• Lulet e ftohta të marsit (Spring Flowers, Spring Frost) (2000)
  • Breznitë e Hankonatëve (2000)
  • Vajza e Agamemnonit (Agamemnon's Daughter) (2003)
  • Pasardhësi (The Successor) (2003)
  • Jeta, loja dhe vdekja Lul Mazrekut (Life, Game and Death of Lul Mazrek) (2003)
  • Çështje të marrëzisë (A Question of Lunacy) (2005)
  • Darka e Gabuar (The Fall of the Stone City) (2008)
  • E penguara: Rekuiem për Linda B. (A Girl in Exile) (2009)
  • Aksidenti (The Accident) (2010)
  • Mjegullat e Tiranës (Tirana's Mists) (2014, originally written in 1957–58)
  • Kukulla (The Doll) (2015)

PlaysEdit

  • Stinë e mërzitshme në Olimp (Stormy Weather on Mount Olympus) (1998)

ScreenplaysEdit

  • Sorkadhet e trembura (Frightened Gazelles) (2009)

PoetryEdit

  • Frymëzime djaloshare (1954)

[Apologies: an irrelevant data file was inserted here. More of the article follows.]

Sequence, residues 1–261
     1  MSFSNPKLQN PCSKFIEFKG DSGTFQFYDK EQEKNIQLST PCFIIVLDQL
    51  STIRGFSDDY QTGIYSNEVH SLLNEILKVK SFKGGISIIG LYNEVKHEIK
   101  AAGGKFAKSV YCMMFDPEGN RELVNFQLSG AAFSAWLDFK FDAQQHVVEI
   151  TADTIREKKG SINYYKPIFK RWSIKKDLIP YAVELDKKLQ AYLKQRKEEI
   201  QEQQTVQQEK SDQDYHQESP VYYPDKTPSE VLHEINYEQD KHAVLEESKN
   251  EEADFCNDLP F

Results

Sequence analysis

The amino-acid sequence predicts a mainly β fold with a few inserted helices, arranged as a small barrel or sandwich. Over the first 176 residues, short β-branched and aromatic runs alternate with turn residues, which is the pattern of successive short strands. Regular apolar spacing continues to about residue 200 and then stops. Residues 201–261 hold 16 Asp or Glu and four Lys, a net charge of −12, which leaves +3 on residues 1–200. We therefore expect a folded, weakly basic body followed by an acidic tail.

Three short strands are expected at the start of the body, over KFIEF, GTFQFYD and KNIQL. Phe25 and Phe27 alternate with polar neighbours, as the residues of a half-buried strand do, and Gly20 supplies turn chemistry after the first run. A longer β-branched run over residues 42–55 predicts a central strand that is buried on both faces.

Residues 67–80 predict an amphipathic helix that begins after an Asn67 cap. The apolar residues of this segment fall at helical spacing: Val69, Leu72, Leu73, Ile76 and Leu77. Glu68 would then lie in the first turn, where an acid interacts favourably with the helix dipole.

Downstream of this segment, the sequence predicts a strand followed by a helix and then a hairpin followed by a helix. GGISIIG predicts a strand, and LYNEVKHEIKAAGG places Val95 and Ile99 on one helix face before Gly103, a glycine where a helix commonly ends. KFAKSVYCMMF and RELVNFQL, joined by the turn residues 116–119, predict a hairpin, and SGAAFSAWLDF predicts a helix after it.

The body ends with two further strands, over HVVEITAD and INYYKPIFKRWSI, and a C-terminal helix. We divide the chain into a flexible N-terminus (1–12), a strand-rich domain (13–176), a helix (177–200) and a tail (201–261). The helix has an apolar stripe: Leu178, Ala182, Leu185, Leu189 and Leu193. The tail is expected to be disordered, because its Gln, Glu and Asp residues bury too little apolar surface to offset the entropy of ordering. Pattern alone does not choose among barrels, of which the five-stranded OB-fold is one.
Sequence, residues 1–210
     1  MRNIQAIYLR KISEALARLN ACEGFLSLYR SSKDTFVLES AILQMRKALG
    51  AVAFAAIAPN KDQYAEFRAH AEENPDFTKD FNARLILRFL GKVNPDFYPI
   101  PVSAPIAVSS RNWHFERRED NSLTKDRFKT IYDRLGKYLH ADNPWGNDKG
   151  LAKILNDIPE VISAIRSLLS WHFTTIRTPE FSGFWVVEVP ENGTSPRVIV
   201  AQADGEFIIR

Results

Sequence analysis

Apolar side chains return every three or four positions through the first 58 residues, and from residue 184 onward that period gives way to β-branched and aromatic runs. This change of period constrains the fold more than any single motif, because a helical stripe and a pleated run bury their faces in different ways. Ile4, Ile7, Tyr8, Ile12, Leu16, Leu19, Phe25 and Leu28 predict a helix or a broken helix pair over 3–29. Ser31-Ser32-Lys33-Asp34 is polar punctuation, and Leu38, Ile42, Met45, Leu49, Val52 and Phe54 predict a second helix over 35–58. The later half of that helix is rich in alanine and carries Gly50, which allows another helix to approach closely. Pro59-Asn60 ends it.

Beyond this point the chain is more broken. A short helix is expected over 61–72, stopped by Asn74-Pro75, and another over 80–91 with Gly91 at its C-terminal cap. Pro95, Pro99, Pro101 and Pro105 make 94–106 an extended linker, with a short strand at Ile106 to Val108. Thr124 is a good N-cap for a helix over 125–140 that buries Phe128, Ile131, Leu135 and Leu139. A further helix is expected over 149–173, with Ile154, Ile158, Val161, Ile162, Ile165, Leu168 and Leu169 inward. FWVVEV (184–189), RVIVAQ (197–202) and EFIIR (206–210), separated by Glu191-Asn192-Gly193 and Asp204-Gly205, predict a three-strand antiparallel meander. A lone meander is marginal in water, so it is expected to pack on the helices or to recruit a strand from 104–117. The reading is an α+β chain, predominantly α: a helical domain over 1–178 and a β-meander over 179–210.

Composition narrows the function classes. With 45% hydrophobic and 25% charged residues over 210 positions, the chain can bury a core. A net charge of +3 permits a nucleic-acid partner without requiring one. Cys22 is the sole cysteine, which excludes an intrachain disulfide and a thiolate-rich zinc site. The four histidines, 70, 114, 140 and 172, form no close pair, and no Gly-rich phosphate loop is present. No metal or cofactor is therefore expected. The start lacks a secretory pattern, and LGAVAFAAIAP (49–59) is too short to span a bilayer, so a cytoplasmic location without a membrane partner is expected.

• Ëndërrimet (1957)
  • Princesha Argjiro (1957)
  • Shekulli im (1961)
  • Përse mendohen këto male (1964)
  • Motive me diell (1968)
  • Koha (1976)
  • Ca pika shiu ranë mbi qelq (2004)
  • Pa formë është qielli (2005)
  • Vepra poetike në një vëllim (2018)

EssaysEdit

  • Autobiografia e popullit në vargje (The People's Autobiography in Verse) (1971)
  • Eskili, ky humbës i madh (Aeschylus, The Lost) (1985)
  • Ftesë në studio (Invitation to the Writer's Studio) (1990)
  • Nga një dhjetor në tjetrin (Albanian Spring) (1991)
  • Kushëriri i engjëjve (The Angels' Cousin) (1997)
  • Kombi shqiptar në prag të mijëvjeçarit të tretë (The Albanian Nation on the Threshold of the Third Millennium) (1998)
  • Unaza në kthetra (The Ring on the Claw) (2001)
  • Poshtërimi në Ballkan (Abasement in the Balkans) (2004)
  • Identiteti evropian i shqiptarëve (The European Identity of Albanians) (2006)
  • Dantja i pashmangshëm (Dante, The Inevitable) (2006)
  • Hamlet, le prince impossible (Hamlet, The Impossible Prince) (2007)
  • Don Kishoti në Ballkan (Don Quixote in the Balkans) (2009)
  • Mosmarrëveshja, mbi raportet e Shqipërisë me vetveten (2010)
  • Mbi krimin në Ballkan; Letërkëmbim i zymtë (On Crime in the Balkans)(2011)
  • Çlirimi i Serbisë prej Kosovës (Serbia's Liberation from Kosovo) (2012)
  • Mëngjeset në Kafe Rostand (Mornings in Cafe Rostand) (2014)
  • Arti si mëkat (Art as a Sin) (2015)